If you’re not getting a good night’s sleep, your laptop, smartphone or tablet are to blame, according to a study from the National Sleep Foundation (NSF). The survey found that 95 percent of those polled use devices with bright screens in the hour before bed, while 60 percent of them say that they have sleep-related problems such as snoring or still feeling tired in the morning.
“Unfortunately, cell phones and computers, which make our lives more productive and enjoyable, may be abused to the point that they contribute to getting less sleep at night, leaving millions of Americans functioning poorly the next day,” said Russell Rosenberg, Vice Chairman of the NSF.
The NSF poll found Americans report very active technology use in the hour before trying to sleep, whether it’s using a laptop, smartphone or tablet. “Artificial light exposure between dusk and the time we go to bed at night suppresses release of the sleep-promoting hormone melatonin, enhances alertness and shifts circadian rhythms to a later hour — making it more difficult to fall asleep,” said Charles Czeisler, Ph.D., MD, Harvard Medical School and Brigham and Women’s Hospital.
“This study reveals that light-emitting screens are in heavy use within the pivotal hour before sleep. Invasion of such alerting technologies into the bedroom may contribute to the high proportion of respondents who reported that they routinely get less sleep than they need,” Czeisler added.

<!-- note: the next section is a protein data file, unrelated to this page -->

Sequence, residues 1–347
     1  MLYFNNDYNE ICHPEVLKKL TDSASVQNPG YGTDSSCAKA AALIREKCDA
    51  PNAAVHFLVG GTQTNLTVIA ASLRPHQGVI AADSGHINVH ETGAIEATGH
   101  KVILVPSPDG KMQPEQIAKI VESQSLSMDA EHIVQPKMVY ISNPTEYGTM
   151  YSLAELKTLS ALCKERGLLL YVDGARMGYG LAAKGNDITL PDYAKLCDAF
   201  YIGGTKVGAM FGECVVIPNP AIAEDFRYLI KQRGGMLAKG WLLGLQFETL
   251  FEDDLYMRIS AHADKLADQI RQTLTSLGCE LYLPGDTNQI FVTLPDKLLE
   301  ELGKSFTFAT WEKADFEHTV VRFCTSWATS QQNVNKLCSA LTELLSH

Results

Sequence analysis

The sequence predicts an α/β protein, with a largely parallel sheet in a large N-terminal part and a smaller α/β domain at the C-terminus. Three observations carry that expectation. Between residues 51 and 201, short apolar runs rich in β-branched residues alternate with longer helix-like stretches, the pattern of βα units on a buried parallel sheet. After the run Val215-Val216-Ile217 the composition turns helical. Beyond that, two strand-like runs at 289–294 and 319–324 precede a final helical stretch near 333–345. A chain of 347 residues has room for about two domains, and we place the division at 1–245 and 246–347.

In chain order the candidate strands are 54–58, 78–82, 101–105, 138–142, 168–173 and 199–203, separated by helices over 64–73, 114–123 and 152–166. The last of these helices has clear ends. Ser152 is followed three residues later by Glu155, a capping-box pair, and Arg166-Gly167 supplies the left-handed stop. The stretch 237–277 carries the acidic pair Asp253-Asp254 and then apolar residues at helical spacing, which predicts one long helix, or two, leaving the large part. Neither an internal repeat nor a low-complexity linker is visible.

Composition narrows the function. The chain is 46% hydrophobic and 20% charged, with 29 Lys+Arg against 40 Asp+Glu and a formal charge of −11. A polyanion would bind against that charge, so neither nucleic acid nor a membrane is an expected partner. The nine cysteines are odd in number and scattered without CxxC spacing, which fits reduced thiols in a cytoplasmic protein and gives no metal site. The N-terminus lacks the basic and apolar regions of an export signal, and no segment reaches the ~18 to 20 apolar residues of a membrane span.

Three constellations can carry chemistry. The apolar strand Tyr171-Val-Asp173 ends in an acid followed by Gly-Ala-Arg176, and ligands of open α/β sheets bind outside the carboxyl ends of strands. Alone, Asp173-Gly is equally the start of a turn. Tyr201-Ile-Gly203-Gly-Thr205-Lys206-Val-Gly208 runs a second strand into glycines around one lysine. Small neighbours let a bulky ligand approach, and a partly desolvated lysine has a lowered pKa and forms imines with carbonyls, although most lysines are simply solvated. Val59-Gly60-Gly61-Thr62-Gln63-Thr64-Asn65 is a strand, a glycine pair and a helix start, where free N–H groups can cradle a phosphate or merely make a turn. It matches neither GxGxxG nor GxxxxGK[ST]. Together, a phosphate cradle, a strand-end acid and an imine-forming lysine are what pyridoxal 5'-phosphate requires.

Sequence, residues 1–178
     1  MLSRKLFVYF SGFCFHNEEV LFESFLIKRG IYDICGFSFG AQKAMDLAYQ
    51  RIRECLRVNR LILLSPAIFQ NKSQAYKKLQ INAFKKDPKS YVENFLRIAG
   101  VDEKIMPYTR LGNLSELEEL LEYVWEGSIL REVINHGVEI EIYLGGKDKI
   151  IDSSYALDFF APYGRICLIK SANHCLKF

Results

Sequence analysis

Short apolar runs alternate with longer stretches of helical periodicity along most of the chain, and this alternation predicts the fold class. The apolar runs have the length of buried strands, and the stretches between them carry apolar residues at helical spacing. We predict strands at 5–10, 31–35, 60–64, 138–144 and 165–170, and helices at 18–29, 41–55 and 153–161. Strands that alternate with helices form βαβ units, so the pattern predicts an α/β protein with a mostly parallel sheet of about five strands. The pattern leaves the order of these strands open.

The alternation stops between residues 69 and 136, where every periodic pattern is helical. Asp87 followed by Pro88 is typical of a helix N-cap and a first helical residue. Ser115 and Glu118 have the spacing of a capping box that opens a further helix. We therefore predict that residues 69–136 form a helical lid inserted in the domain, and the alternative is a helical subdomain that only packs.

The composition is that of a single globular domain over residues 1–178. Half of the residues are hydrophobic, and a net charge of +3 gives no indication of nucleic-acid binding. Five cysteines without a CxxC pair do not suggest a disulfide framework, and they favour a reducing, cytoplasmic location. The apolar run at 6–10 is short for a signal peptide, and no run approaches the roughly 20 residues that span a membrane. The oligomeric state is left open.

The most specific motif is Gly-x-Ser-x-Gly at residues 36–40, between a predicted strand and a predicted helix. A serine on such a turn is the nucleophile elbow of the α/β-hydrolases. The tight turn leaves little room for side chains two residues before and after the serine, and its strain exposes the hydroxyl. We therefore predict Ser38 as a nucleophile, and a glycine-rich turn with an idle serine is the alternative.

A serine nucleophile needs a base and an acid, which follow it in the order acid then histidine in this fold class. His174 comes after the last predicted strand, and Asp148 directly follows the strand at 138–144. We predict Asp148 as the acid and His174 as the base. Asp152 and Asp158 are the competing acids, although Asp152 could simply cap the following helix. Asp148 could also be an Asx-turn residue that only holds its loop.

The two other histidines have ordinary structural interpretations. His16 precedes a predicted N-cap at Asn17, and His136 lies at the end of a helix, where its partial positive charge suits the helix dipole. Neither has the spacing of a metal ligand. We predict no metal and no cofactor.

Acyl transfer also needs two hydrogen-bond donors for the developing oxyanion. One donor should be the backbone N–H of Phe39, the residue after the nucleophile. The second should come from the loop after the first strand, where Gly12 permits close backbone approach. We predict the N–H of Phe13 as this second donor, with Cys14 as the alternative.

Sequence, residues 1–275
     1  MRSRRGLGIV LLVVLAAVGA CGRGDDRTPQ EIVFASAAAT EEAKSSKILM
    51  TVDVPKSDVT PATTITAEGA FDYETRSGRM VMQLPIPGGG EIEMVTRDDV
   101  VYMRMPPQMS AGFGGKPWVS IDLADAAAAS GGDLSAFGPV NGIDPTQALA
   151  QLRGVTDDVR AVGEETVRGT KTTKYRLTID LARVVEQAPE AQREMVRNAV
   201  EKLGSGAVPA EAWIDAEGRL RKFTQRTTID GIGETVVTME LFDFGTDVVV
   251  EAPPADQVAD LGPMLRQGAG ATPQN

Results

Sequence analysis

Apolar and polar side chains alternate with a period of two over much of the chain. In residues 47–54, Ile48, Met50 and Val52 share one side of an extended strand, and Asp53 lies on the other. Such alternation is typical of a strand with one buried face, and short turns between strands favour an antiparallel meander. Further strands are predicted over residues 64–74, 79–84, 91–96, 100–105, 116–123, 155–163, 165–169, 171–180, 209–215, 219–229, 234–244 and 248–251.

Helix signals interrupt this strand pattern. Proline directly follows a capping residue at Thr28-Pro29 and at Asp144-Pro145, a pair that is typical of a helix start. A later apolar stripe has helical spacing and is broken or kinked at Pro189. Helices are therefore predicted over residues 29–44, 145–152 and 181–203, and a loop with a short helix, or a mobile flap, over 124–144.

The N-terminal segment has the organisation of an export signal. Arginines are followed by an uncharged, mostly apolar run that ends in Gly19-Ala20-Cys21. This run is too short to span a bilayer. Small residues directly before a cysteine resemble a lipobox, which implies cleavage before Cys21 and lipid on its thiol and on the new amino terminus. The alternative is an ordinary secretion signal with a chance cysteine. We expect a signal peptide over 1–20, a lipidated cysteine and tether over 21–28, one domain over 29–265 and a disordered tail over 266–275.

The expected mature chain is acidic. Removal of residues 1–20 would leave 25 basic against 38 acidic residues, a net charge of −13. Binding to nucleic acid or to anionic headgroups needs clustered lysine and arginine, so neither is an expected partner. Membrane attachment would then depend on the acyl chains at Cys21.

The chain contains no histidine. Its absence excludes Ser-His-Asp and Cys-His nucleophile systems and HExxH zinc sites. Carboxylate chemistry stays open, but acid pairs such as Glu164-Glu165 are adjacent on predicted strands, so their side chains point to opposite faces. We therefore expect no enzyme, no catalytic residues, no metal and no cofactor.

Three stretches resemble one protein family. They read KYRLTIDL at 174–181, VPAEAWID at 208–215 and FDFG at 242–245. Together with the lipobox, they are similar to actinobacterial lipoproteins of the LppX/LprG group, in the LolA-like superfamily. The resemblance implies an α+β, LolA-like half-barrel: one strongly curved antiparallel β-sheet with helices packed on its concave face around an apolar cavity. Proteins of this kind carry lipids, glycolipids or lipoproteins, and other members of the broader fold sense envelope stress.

Six in ten of those surveyed said they use their laptops or computers at least a few nights per week in the hour before they go sleep. Over half of those polled also said they surf the Internet every night or almost every night within the hour before sleep. This, according to experts, may have consequences for physical health, with about three quarters of those over 30 saying that sleepiness affects their work too.
Are our gadgets really messing with our sleep? If the upcoming wave of tablets (like the iPad–15 million sold) are anything to go by, sleep is the only time when people will actually get time away from their electronics. For example, a study found that 20 percent of a user’s time with an iPad is spent in bed.
“While these technologies are commonplace, it is clear that we have a lot more to learn about the appropriate use and design of this technology to complement good sleep habits,” said David Cloud, CEO of the NSF.
Do you use your gadgets in the hour before you go to sleep? Does this affect your sleeping patterns? Sound off in the comments.
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